Holiday baking season is upon us. Homemade cookies, cakes, and candies are traditional treats at Christmas. With a few tips and tricks, your next batch of cookies can be tastier than ever.
If a cookie dough is particularly sticky, wet or greasy, chill the cookie dough before baking. Reducing the temperature to around 40 degrees will avoid the greasy puddle cookies that occur with overspreading. The baked treats will be thicker, sturdier and denser. Chilling will not only prevent spreading; the cookie will taste better when cooked.
Even if the dough is not sticky or greasy cooling dough at least overnight and letting it sit at room temperature at least 10 minutes before baking, will enhance the flavor. The flavor will be richer as the aromas mingle while chilling.
To prevent excessive spreading use parchment paper on the cookie sheet. The paper will keep the cookies from spreading too much, keep the cookie sheet clean and promote even browning.
Never place cookie dough on to a hot baking sheet. Using parchment paper helps to keep the dough cool before baking.
Overbeating the ingredients and whipping too much air into the dough will cause the cookies to collapse during baking. Don’t overmix the cookie dough ingredients.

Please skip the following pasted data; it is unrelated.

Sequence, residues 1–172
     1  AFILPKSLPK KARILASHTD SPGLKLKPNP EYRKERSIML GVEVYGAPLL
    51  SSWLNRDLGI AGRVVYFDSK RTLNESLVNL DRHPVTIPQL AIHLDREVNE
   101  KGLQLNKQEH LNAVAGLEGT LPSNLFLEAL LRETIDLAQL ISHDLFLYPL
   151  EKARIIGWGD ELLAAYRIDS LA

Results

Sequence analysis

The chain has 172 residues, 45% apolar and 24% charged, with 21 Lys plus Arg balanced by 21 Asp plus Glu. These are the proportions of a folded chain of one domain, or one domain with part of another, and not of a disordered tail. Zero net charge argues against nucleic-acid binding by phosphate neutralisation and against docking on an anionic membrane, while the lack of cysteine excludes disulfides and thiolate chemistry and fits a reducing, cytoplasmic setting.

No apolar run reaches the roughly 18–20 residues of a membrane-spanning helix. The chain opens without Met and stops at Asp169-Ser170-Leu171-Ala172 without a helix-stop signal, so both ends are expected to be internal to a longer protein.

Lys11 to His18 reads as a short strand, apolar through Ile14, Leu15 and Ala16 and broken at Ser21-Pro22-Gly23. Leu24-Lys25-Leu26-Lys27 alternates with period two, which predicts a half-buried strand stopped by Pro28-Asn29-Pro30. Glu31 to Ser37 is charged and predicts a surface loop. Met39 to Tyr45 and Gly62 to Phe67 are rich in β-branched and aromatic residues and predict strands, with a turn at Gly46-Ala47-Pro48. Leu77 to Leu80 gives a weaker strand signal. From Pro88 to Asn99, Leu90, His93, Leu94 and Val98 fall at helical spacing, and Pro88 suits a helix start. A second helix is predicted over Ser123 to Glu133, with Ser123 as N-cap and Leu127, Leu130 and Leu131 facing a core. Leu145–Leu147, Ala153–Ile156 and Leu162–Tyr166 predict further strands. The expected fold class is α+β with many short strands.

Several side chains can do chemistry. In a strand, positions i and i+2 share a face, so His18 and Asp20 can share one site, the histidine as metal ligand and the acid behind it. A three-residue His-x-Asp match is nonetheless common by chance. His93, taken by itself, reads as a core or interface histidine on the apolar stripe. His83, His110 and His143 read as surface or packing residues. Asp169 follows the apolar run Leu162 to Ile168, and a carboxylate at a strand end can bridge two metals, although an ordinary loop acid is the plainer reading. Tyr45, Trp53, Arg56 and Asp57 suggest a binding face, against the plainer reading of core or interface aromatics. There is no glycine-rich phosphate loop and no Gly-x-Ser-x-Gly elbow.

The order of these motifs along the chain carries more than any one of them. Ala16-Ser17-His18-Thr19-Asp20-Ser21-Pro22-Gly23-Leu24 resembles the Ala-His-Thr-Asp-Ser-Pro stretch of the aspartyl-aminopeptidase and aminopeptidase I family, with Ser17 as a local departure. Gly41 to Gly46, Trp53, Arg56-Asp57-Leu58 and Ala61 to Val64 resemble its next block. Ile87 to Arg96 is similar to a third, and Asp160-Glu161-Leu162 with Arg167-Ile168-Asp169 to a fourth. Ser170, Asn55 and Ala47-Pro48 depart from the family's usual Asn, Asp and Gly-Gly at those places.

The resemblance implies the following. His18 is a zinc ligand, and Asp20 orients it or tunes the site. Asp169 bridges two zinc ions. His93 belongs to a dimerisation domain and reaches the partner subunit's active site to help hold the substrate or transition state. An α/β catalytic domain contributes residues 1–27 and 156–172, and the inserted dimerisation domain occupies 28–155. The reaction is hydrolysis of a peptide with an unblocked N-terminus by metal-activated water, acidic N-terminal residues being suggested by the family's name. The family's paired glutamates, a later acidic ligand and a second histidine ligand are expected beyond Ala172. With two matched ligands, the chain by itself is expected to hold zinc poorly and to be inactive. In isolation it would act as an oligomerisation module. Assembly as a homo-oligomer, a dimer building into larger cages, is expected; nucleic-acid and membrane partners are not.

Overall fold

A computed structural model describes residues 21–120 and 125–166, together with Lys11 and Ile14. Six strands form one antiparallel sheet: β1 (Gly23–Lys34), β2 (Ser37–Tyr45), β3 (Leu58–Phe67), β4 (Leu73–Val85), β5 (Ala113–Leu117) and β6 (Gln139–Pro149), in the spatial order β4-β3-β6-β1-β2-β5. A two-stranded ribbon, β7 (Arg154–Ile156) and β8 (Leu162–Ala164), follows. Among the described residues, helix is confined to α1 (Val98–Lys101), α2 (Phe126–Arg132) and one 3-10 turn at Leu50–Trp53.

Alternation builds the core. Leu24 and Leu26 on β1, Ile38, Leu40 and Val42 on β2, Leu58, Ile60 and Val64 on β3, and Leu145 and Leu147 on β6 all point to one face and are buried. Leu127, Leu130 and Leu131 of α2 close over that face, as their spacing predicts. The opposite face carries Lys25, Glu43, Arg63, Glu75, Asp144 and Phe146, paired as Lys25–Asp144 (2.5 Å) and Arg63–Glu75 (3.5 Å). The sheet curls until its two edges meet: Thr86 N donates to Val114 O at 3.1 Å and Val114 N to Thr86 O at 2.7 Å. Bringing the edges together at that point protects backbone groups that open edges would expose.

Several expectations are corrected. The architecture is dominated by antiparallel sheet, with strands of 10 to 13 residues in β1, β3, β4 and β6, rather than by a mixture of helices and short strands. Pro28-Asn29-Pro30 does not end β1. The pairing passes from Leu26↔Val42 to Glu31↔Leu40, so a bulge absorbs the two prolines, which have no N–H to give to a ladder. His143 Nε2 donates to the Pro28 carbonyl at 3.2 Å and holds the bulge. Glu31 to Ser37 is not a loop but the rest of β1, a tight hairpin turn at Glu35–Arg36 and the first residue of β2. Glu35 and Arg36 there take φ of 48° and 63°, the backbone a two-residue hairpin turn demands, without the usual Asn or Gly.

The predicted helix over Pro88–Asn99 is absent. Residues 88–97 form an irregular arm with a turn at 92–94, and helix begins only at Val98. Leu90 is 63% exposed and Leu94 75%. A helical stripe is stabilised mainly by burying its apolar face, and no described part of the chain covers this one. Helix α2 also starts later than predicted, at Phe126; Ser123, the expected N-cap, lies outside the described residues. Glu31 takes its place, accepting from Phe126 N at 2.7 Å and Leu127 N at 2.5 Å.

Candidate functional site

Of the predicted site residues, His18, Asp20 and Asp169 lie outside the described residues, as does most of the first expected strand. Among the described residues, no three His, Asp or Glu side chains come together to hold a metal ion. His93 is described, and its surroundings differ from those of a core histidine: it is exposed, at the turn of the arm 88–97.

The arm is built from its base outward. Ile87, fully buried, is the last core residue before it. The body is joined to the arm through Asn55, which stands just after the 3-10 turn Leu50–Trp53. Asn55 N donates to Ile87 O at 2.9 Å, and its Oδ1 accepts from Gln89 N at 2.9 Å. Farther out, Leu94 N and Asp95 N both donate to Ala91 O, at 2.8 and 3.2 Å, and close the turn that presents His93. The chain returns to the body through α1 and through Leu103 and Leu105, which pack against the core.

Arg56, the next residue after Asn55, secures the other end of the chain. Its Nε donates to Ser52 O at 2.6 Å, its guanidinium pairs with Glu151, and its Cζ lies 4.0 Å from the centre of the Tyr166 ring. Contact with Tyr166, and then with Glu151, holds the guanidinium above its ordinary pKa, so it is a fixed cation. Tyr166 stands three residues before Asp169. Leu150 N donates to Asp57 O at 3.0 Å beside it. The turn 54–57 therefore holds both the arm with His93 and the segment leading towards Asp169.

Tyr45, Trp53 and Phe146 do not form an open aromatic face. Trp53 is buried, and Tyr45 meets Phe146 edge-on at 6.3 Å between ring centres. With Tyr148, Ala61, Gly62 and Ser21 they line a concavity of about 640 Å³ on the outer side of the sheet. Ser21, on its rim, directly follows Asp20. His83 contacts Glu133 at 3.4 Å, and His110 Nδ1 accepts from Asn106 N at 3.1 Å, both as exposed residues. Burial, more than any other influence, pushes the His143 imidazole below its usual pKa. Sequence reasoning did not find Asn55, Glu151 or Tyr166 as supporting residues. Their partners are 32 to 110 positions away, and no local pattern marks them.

Most home ovens are inaccurate. Cookies are very sensitive to temperature. Purchase an oven thermometer to assure the correct temperature. Over-browning, excess spread and uneven baking can be eliminated by baking at the proper temp.
One hour before baking place eggs and butter on the counter before baking. Rock hard butter cannot be whipped and creamed with the sugars. And butter that is even slightly melted cannot be creamed. Room temperature eggs, especially the egg whites, give more volume to the batter at room temperature.
The approximate cooking times of cookies are not always accurate. The size of the cookie, the temperature of the oven and dough itself determines the cooking time. Let the cookies tell you when to be removed from the oven. The cookies are done when the edges are set and lightly browned.
Ovens often have hot spots. Pay attention to which side of the baking pan gets brown first. Rotate the cookie sheets during the baking time. Move them from the top shelf to the bottom shelf if necessary. The key to a perfect cookie is the careful eye and attention to the cooking time and temperature.
The center of the cookie can look slightly under-baked if you want a softer cookie. Longer baking times will produce a crispier cookie. Remember that cookies centers continue cooking for a few minutes after removing from the oven.
Baking is a lesson in food chemistry. A combination of leavening agents, temperature, size, and ingredients determine the desired cookie.
Even a frozen dough or boxed cookie dough requires careful attention to produce the perfect cookie. Measure accurately and let the cookie determine when it is ready to be removed from the oven.
Bobbie Randall is a registered, licensed dietitian, certified diabetes educator in Wooster, Ohio. Contact her at firstname.lastname@example.org.